On the 94th anniversary of women’s suffrage in the U.S., a panel of three state lawmakers from the East Metro discussed the gains women workers in Minnesota made with passage of the Women’s Economic Security Act this year – and the work for equality that remains to be done.
Sen. Sandy Pappas of St. Paul, chief Senate author of the Women’s Economic Security Act, joined Sen. Katie Sieben of Newport and Rep. Erin Murphy of St. Paul on the panel, hosted by the Minnesota AFL-CIO at the Labor Pavilion on the State Fairgounds today.
The primary goal of the legislation, the DFLers agreed, was to eliminate the gap between what women and men earn for doing comparable work. In Minnesota, women earn 80 percent of what men earn, Pappas said. For women of color, the gap is even larger.
The new law tackles pay equity in a number of ways. It requires businesses with more than 40 employees that have contracts with the state of $500,000 or more to comply with the state’s equal pay laws.
The law also makes it illegal to prohibit workers from discussing their compensation with other workers. Sieben said the measure empowers women workers to root out wage inequality on the job and demand parity with their male colleagues.
“Ability to discuss pay should help narrow the pay gap,” she said.
Although not part of the Women’s Economic Security Act, raising the state’s minimum wage is another step forward for women workers. DFL majorities in the Legislature and Gov. Mark Dayton passed legislation to raise the minimum wage to $9.50 by 2016 and adjust it annually for inflation each subsequent year.
“It certainly will do a lot … in the years to come for women in the state,” Sieben said, noting that women make up the majority of workers earning $9.50 per hour or less in Minnesota.
Women and men with the same level of education and work experience should have the same earning power, Muphy said. But too often, women fall behind their male colleagues because they are perceived as less dedicated to their career than their families.
“We need to make sure women who chose to work don’t get dinged because they’re pregnant, don’t get dinged because they have a family, don’t get dinged because they’re nursing,” Murphy said.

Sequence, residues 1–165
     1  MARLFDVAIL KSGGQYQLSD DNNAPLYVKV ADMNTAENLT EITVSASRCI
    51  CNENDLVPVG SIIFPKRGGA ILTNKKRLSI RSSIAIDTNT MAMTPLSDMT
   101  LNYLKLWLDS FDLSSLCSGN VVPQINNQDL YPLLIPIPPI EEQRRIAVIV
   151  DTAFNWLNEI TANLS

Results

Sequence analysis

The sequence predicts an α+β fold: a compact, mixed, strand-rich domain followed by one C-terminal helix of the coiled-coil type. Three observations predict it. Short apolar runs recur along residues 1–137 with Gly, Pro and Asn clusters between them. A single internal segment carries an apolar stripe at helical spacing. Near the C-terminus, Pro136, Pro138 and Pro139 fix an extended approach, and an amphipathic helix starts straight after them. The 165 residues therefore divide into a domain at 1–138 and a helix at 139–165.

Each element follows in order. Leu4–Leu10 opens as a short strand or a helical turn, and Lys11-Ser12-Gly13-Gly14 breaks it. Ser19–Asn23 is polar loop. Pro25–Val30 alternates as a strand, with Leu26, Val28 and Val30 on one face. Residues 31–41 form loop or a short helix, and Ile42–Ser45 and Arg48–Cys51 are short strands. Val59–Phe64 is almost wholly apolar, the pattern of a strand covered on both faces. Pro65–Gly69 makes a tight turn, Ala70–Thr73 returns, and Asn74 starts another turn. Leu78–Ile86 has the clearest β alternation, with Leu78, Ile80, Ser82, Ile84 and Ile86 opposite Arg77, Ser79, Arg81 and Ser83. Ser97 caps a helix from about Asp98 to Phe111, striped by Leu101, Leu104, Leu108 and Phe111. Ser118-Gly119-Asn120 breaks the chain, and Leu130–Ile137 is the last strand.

To that end, the new law includes protections for mothers and pregnant women, and it requires employers to make accommodations for women who are nursing. It also expands unpaid parental leave for women and men to 12 weeks.
Sieben, who has three children, said she remembers “how difficult it was to go back to work so soon after having a baby. Being able to have 12 weeks off to come for a newborn … is something that will help families across Minnesota.”
The law also provides funds to help women start small businesses, to study gaps in retirement savings between men and women, and to recruit and train women for jobs in fields where they are underrepresented.
That includes careers in the construction trades, where, if they work union, women are guaranteed to earn the same wage as their union brothers because they have the protection of a collective bargaining agreement, Pappas noted.
All three lawmakers agreed the Women’s Economic Security Act was just another step toward achieving gender equality in workplaces across Minnesota.
While the new law expands parental leave, it remains an unpaid benefit. Pappas said she’s committed to ensuring paid parental leave for Minnesotans, adding that the U.S. is the only industrialized nation that does not guarantee paid parental leave for its workers.
Murphy said future Legislatures should work to guarantee access to affordable child care for working parents, as well as access to paid sick leave, “especially for jobs where we’re interacting with the public a lot, which often are lower-wage jobs.”
“There’s more to do in terms of women’s economic security,” Murphy said. “We’re just getting started.”